Today’s guest is Erin Brenner, an editor in Massachusetts. Erin is the owner of the editorial services agency Right Touch Editing, which specializes in providing small and midsized organizations with writing and editing teams. Erin also offers training in writing and editing, particularly for editors and for professionals who write.
Today, Erin talks about how she is building a team of contractors for her editorial agency. I believe her advice and the lessons she’s learned will be helpful both to those of you who WANT to build a small agency from your solo business, as well as those, like me, who DON’T want to build an agency but sometimes want or need to partner with another freelancer on a particular project.
In this episode, Erin dives into the details of how she finds and vets contractors, how she charges clients and then pays contractors, and how she onboards her contractors to represent her business well. She also talks about what you should consider before building a team and what challenges she has faced—and much more.
Erin got to a point in her editing business where she didn’t want to do the editing all the time. She liked managing people and taking on a variety of projects. So, she began to build out her business by hiring contractors to take on the bulk of the work.
She now has 10-12 contractors that she pays by the project. She makes it clear to new clients that she works with a team, that she doesn’t do the work. She let her previous clients know that she was transitioning to this new model. She also reviews all the client work before it goes to the client, and she is the main contact for the client.
Before creating an agency, Erin recommends thinking about how you feel about managing people and managing projects—versus providing the actual hands-on services.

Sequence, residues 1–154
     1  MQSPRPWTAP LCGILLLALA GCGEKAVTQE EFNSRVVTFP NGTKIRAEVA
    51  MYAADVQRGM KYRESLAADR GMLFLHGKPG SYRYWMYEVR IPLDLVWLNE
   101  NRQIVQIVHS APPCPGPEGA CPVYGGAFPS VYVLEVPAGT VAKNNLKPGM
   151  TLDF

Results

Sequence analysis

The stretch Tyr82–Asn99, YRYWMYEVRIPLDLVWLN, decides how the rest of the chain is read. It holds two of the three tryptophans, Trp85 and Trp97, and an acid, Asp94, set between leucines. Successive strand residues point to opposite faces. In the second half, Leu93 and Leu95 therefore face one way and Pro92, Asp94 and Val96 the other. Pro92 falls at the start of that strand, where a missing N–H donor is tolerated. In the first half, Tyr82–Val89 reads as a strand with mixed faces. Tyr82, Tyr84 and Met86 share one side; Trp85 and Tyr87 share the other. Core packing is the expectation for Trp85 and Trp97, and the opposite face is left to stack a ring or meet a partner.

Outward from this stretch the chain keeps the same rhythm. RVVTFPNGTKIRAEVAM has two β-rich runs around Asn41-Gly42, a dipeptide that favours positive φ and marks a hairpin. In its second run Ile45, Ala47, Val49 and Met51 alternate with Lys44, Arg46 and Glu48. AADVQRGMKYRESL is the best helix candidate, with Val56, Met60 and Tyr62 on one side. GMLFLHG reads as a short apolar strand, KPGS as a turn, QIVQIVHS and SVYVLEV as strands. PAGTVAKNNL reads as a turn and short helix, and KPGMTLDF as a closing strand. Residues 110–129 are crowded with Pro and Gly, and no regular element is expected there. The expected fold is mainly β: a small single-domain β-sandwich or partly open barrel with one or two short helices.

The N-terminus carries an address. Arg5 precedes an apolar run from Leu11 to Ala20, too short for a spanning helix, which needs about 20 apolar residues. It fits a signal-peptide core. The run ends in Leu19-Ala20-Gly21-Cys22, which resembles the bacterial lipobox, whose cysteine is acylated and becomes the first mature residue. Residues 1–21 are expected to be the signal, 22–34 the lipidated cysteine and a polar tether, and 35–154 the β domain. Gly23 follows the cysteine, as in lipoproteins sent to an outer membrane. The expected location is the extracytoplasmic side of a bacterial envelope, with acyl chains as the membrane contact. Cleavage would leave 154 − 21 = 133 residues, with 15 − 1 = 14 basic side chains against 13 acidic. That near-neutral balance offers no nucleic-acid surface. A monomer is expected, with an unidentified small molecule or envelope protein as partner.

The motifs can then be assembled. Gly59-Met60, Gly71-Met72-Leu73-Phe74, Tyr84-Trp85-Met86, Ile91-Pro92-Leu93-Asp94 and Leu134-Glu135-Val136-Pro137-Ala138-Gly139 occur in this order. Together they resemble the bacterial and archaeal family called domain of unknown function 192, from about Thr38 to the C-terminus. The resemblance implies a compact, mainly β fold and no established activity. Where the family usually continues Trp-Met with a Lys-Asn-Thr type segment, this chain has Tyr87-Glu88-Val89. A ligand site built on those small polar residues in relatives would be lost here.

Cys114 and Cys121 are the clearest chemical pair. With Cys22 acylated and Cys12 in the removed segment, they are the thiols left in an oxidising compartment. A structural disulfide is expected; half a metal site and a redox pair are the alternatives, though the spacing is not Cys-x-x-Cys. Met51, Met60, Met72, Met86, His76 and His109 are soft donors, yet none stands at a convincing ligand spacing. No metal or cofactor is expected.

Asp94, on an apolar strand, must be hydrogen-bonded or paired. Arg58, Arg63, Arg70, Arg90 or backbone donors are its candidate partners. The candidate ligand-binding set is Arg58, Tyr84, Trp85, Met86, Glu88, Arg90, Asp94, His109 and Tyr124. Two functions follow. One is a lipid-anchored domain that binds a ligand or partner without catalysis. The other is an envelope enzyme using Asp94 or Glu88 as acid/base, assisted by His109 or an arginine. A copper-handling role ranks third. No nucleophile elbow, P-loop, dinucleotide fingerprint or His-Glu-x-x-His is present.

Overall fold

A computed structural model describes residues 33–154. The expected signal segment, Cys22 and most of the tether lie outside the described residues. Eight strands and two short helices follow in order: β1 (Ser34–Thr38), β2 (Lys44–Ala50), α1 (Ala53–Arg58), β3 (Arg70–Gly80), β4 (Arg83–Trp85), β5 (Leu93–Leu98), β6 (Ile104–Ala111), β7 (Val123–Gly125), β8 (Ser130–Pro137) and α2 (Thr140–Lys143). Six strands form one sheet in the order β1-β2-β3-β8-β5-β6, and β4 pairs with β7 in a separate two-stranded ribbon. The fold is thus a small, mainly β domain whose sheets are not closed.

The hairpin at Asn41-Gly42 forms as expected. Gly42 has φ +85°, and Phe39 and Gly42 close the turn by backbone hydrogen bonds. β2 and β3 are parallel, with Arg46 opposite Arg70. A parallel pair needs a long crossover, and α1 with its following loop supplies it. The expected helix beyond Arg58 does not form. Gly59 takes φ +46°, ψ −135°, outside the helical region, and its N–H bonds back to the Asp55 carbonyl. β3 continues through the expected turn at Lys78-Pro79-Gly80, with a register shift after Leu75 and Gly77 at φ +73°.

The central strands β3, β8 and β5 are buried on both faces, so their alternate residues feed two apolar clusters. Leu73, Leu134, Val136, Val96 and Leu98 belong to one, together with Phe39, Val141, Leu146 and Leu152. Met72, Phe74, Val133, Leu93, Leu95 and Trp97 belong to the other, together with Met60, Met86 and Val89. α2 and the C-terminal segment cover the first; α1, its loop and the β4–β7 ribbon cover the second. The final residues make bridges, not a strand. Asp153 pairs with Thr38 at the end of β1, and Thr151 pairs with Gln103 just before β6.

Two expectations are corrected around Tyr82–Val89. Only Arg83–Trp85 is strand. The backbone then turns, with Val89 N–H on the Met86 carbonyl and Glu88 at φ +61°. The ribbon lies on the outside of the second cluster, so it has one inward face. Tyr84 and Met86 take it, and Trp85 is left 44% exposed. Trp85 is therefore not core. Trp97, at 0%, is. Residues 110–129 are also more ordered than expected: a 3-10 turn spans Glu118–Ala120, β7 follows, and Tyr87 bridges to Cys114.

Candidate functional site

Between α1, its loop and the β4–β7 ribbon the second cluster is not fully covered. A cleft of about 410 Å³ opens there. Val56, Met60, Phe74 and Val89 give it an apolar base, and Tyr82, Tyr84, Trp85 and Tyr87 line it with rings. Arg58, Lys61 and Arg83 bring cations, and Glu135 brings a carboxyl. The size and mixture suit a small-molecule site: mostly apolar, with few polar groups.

Erin vets contractors by starting with the freelancers closest to her—her mastermind groups—and then moves out to other organizations she’s involved with. She talks about the challenges of advertising publicly.
Then she vets the recommendations by looking at candidates’ resumes, LinkedIn profiles, websites and social media accounts. She’ll narrow that list down to about four people to conduct interviews with, usually via online video. She will then usually narrow it down further to about two candidates and give them an appropriate editing or writing test. During the interview process, Erin talks through how both she and the contractor prefer to communicate and what she expects.
Erin hires W-9 independent contractors, not employees. She requires contractors to sign one contract that includes non-compete and non-disclosure language, as well as outlines the scope of the work and relationship.
Erin adds her contractors to several systems, which include Slack and Google Drive (where she stores resource materials and process sheets). She also uses Zapier Webhooks and Zoho Bigin, which provides a suite that includes software for customer relationship management, hosting meetings, managing social media and more, all in one spot.
Challenges have included making sure there is enough work to keep everyone busy, trying to figure out how many contractors she needs on a team, and dealing with freelancers’ availability.
Erin talks through how she charges clients and how she decides what and how to pay the contractors. She typically pays a contractor a percentage. She also talks about how she made the business case to her clients when moving to agency—and raising her overall rates.
Erin recommends you grow at your own pace. You can start using contractors just on certain projects or every once in awhile. But build out a list of people and vet them now, not when you need them.
- Right Touch Editing
- Erin on LinkedIn
- Erin on Twitter
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